Australian Financial Security Authority (AFSA)

The Australian Financial Security Authority (AFSA) manages the application of bankruptcy and personal property securities laws within Australia. Key to this work is investigating alleged Bankruptcy Act and Personal Property Securities Act (PPS Act) offences and where appropriate, referring for prosecution.

Such offences include:

  • Failure to disclose information about property and its value.
  • Obtaining credit without disclosing bankruptcy.
  • Disposing of property during bankruptcy with intent to defraud creditors.

AFSA regularly publishes statistics on its enforcement activities. Recent results are explored in this article.

 

AFSA enforcement statistics: July 2020 to March 2021

There were no referrals assessed for alleged contraventions of the PPS Act during the period.

The below information refers to alleged contraventions of the Bankruptcy Act.

 

Assessments

During the period, 237 pre-referral enquiries were assessed. Of these, 177 did not require a detailed offence referral.

616 offence referrals were assessed during the period, of which 392 were accepted for investigation.

 

Investigations

AFSA assesses alleged offence referrals for investigation as either compliance or complex offence matters. During the period:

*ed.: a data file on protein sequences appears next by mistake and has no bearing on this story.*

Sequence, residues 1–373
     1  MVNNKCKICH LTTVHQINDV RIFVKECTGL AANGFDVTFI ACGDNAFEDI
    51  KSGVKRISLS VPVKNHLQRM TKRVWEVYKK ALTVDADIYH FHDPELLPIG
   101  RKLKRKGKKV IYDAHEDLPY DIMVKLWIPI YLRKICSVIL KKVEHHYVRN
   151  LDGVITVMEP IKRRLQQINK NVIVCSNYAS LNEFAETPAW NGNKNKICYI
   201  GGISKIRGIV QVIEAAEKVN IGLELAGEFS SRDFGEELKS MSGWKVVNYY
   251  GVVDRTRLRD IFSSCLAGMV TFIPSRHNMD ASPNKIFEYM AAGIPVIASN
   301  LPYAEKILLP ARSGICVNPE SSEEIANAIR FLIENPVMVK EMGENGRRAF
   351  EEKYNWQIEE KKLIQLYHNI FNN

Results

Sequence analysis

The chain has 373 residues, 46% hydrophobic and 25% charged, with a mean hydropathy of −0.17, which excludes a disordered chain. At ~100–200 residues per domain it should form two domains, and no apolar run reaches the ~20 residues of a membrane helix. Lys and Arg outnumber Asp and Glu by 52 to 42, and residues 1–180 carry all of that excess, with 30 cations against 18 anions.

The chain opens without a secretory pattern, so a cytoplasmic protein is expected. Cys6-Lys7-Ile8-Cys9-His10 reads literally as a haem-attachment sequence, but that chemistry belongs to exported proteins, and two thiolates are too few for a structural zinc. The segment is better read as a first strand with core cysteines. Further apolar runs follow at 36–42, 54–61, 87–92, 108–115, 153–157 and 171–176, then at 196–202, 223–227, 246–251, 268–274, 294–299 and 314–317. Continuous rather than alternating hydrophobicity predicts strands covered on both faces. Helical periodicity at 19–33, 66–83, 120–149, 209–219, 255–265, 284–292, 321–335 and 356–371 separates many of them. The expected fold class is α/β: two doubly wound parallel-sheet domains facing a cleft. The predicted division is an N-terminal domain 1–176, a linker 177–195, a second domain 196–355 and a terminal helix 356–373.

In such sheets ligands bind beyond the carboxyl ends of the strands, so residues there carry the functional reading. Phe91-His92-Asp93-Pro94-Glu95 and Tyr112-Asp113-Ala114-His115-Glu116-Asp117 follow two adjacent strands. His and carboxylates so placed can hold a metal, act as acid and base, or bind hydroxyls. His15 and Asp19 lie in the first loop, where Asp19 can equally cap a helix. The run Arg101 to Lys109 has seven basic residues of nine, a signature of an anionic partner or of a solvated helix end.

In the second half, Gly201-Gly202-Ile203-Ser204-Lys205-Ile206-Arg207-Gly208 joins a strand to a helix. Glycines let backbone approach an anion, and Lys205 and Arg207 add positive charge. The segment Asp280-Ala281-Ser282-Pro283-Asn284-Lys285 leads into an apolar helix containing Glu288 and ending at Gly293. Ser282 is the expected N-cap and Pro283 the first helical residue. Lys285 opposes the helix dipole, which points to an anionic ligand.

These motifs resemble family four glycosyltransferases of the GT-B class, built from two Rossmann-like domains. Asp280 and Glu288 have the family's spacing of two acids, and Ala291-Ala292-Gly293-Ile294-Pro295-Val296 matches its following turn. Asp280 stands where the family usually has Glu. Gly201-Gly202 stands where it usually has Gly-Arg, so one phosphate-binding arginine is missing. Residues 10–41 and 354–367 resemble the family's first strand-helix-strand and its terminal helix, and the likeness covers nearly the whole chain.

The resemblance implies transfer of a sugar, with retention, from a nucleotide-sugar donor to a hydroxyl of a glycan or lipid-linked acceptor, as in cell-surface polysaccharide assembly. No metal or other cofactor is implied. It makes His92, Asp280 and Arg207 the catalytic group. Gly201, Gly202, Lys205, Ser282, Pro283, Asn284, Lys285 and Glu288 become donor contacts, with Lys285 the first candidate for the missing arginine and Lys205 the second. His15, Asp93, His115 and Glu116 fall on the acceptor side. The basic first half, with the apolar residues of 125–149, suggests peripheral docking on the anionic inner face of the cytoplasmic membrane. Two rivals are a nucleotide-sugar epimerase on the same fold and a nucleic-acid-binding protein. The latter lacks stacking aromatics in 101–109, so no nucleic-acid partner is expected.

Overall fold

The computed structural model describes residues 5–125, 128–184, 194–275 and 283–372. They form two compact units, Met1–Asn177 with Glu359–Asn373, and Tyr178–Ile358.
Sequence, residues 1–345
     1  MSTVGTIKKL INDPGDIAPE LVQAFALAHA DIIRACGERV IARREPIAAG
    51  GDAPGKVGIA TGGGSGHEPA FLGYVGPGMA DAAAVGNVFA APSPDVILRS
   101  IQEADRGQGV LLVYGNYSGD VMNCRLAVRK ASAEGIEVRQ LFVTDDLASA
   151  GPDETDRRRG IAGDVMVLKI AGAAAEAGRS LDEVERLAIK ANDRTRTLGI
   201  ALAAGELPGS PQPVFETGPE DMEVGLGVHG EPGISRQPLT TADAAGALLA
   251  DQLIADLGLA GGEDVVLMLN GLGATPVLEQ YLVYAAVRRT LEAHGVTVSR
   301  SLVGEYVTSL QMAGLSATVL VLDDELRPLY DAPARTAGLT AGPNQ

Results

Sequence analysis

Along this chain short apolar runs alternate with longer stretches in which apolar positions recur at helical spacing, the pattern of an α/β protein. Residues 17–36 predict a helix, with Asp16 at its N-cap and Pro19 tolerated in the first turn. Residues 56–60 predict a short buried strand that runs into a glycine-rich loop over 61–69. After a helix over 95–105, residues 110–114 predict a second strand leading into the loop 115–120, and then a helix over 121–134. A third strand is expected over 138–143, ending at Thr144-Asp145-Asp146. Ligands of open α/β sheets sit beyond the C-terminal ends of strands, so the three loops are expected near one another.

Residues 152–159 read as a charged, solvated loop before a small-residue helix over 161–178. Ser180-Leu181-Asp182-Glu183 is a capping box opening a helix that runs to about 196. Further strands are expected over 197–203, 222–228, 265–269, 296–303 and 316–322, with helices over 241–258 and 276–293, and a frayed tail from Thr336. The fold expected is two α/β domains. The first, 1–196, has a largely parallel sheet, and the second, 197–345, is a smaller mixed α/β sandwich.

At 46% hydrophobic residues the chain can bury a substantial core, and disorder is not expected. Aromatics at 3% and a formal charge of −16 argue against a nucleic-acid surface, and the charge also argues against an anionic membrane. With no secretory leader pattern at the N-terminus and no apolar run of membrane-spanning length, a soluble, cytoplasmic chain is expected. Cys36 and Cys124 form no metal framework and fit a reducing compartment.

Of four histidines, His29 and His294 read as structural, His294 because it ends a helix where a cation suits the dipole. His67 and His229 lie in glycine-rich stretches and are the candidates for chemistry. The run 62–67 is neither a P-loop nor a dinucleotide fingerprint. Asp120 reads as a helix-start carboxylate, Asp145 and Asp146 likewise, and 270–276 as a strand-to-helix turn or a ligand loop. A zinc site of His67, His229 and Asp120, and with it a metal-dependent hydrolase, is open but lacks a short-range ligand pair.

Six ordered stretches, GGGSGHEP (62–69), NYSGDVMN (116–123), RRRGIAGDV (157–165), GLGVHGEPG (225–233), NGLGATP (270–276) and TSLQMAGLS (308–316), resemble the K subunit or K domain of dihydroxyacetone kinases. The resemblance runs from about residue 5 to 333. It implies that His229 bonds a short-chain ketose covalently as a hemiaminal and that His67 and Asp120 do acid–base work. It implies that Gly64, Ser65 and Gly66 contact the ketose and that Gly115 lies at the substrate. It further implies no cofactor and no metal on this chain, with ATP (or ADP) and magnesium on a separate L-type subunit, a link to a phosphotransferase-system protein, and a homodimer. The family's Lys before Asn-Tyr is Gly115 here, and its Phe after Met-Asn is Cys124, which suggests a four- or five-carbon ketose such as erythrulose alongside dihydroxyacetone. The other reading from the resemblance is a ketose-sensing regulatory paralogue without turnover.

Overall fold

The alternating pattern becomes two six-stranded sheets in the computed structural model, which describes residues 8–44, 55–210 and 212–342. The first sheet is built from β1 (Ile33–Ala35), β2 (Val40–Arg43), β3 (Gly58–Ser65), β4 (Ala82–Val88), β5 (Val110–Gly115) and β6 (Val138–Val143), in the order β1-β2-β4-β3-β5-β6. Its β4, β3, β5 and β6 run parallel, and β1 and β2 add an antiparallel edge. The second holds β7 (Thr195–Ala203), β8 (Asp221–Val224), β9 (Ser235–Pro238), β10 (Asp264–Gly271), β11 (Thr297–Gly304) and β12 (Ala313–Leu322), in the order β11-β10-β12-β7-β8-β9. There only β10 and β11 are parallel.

• 127 compliance investigations were completed.
  • 177 complex investigations were completed.

 

Prosecutions

During the period, 78 briefs of evidence were forwarded to the Commonwealth Director of Public Prosecutions (CDPP), and 64 briefs were accepted for prosecution by the CDPP.

43 persons were prosecuted for a total of 132 charges during the period.

Of those charges, 126 were proven with conviction, five were proven without conviction, and one was withdrawn.

The charges per offence are outlined below:

Charges per offence Offence
27 Fail to file statement of affairs (Section 54(1))
1 Fail to disclose information about property and its value (Section 265(1)(a))
4 Fail to disclose information about examinable affairs (Section 265(1)(ca))
31 Conceal, remove, deal with property during bankruptcy (Section 265(4)(a))
1 Disposes of, or gives security over, property obtained on credit and for which he or she has not paid (Section 265(4)(e))
1 Disposes of, or gives security over, property obtained on credit and for which he or she has not paid (Section 265(4)(e)) read with 265(7)
36 Incur any debt or liability by fraud during bankruptcy (Section 265(5)(b))
3 Incur any debt or liability by fraud during bankruptcy (Section 265(5)(b)) read with 265(7)
1 Disposes of, or creates a charge on any property during bankruptcy with intent to defraud creditors (Section 266(1))
1 Within 12 months before bankruptcy disposes of, or creates a charge on any property with intent to defraud creditors (Section 266(3))
8 Make a false declaration (Section 267(2))
2 Failure to comply with a Notice (Section 267B(1))
1 Obtain credit alone or jointly without disclosing bankruptcy or being party to a debt agreement >$3,000 (Section 269(1)(a))
3 Obtain goods or services alone or jointly without disclosing bankruptcy or being party to a debt agreement by promising to pay >$3,000 (Section 269(1)(ac))
12 Leave Australia without the trustee’s consent in writing (Section 272(1)(c))

Nyman Gibson Miralis provides expert advice and representation in financial crime matters, including cases involving fraud, tax offences and money laundering.

Contact us if you require assistance.